• The limitations set forth do not sufficiently prevent distortion of the Medical Loss Ratio). Conditions must be in place to ensure that pricing interactions within the conglomerate are not manipulated for financial gain at the expense of consumers.
  • The plan outlined by DFS for health care investment provides too few details and the amount of the investment is significantly less than other states. Programs such as addressing the opioid or diabetes epidemics should be specified to ensure the State is meeting its promise to improve the quality of health care for all. Safeguards should be in place to protect the investment from being diverted to the general fund.
  • The final approval is missing provisions that would allow the DFS to hold CVS and Aetna accountable. The approval order should be revised to include enforceability, severability and other clauses to strengthen the Department’s ability to exercise its regulatory authority.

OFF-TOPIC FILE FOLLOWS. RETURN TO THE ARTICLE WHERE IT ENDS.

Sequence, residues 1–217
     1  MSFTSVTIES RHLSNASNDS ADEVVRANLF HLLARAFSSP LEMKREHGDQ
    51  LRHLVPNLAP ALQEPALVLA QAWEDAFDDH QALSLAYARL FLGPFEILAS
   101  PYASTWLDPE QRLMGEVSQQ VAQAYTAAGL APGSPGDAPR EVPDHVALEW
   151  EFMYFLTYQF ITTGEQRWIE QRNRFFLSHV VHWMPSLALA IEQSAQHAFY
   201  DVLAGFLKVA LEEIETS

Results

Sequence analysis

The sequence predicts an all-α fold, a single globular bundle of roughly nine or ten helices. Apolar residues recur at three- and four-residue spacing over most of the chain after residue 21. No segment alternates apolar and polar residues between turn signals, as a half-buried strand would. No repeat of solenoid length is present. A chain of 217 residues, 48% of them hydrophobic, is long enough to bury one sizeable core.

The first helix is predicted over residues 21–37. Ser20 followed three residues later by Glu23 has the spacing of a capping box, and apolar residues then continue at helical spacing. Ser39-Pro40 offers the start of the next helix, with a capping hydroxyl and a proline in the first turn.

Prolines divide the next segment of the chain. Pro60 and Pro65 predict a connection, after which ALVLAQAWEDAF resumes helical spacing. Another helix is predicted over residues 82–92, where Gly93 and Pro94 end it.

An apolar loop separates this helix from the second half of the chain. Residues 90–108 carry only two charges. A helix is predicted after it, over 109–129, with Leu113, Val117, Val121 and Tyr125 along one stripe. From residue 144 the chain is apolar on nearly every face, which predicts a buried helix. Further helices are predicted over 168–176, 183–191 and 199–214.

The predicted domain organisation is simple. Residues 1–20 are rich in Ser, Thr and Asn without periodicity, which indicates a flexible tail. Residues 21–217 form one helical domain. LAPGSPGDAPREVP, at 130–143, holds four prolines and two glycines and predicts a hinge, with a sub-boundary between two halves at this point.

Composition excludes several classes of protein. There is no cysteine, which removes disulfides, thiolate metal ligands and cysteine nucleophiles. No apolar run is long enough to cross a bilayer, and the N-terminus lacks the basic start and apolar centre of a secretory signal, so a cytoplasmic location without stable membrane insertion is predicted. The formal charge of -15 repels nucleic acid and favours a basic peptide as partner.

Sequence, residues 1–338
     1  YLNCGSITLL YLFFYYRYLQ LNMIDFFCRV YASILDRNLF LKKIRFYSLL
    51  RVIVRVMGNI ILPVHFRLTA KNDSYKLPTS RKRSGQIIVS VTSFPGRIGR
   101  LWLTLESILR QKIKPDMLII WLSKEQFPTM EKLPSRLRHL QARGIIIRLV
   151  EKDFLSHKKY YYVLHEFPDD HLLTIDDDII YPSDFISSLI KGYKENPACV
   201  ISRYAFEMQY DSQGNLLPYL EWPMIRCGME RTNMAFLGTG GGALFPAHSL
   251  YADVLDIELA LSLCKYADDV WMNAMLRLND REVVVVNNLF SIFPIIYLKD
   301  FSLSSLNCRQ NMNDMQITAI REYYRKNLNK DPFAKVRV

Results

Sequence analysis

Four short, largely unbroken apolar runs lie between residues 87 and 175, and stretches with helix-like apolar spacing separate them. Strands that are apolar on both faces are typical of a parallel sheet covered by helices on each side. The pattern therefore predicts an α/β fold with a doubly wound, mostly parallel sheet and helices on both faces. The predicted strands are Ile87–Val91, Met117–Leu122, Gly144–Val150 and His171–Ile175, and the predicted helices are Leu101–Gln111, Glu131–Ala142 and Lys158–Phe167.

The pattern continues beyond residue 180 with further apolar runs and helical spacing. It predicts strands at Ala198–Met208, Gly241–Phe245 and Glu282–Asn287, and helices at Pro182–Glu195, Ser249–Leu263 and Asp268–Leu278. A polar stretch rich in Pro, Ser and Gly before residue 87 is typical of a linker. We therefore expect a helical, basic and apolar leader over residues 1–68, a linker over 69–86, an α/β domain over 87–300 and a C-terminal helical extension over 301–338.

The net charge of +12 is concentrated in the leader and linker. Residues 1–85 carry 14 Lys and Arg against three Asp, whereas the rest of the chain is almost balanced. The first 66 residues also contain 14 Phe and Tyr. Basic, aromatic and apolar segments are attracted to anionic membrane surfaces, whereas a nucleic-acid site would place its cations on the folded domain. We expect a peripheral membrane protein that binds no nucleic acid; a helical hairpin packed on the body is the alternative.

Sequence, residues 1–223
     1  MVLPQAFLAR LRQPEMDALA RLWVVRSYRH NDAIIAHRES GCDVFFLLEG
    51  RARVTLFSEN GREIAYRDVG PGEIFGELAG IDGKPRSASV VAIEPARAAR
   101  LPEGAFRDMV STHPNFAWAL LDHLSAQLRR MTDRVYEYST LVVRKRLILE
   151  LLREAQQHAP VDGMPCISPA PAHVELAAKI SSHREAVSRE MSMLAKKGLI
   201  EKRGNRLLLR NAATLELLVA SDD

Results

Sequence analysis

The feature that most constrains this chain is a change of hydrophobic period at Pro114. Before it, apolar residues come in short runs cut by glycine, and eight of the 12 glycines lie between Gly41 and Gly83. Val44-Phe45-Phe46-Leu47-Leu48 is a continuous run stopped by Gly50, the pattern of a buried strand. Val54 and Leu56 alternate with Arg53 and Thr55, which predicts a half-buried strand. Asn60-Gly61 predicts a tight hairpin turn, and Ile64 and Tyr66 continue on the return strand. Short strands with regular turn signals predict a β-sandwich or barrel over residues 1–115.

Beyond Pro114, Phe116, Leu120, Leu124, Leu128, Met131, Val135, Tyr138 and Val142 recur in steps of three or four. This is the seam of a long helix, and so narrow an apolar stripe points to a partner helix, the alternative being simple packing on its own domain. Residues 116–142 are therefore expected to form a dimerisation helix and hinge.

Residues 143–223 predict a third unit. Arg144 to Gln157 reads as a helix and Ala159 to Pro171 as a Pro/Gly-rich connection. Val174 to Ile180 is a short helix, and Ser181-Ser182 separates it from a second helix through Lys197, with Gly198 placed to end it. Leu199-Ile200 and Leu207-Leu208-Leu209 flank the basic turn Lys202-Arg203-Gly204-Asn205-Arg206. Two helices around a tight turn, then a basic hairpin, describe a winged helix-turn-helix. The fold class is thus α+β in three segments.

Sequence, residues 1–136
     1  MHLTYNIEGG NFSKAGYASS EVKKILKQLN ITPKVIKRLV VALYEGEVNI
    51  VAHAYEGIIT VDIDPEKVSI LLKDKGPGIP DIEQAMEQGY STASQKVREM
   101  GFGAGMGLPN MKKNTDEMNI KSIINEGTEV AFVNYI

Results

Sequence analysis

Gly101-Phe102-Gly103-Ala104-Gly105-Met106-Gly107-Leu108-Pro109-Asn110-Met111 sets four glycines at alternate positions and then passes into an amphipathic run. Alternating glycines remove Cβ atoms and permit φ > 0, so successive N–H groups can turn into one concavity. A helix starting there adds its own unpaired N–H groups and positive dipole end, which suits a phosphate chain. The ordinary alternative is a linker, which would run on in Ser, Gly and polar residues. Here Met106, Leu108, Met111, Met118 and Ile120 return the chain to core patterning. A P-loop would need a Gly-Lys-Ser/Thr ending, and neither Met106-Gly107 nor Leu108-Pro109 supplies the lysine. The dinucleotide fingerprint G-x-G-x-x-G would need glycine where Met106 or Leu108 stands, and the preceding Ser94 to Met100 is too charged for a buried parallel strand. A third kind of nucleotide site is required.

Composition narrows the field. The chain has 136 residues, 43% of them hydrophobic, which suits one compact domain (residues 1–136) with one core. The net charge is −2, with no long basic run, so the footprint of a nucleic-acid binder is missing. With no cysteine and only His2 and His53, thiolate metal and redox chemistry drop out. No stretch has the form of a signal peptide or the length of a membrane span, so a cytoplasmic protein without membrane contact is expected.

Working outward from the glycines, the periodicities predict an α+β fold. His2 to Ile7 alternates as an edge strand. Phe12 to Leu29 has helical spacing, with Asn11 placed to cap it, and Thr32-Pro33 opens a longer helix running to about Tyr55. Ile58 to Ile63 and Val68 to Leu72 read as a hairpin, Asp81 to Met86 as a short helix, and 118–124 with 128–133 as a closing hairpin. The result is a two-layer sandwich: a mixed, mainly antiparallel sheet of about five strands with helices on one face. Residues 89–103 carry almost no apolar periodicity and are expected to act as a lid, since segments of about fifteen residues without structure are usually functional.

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December 19, 2018

Maria T. Vullo, Superintendent
New York State Department of Financial Services
1 Commerce Plaza
Albany, New York 12257

RE: Conditional Approval for the Merger of CVS Health Corporation and Aetna, Inc.

Dear Superintendent Vullo:

I write regarding your recent decision to approve the acquisition of Aetna Inc. (Aetna) by CVS Health (CVS). After reviewing the final decision and order issued on November 26, 2018, I am concerned that the agreement, as written, contains several deficiencies and fails to address specific concerns that were raised by numerous advocates and members of the Legislature, including myself. This transaction will irrevocably alter the health care delivery system in the State and proper guardrails must be enacted to protect the best interests of the public. A summary of those concerns follow.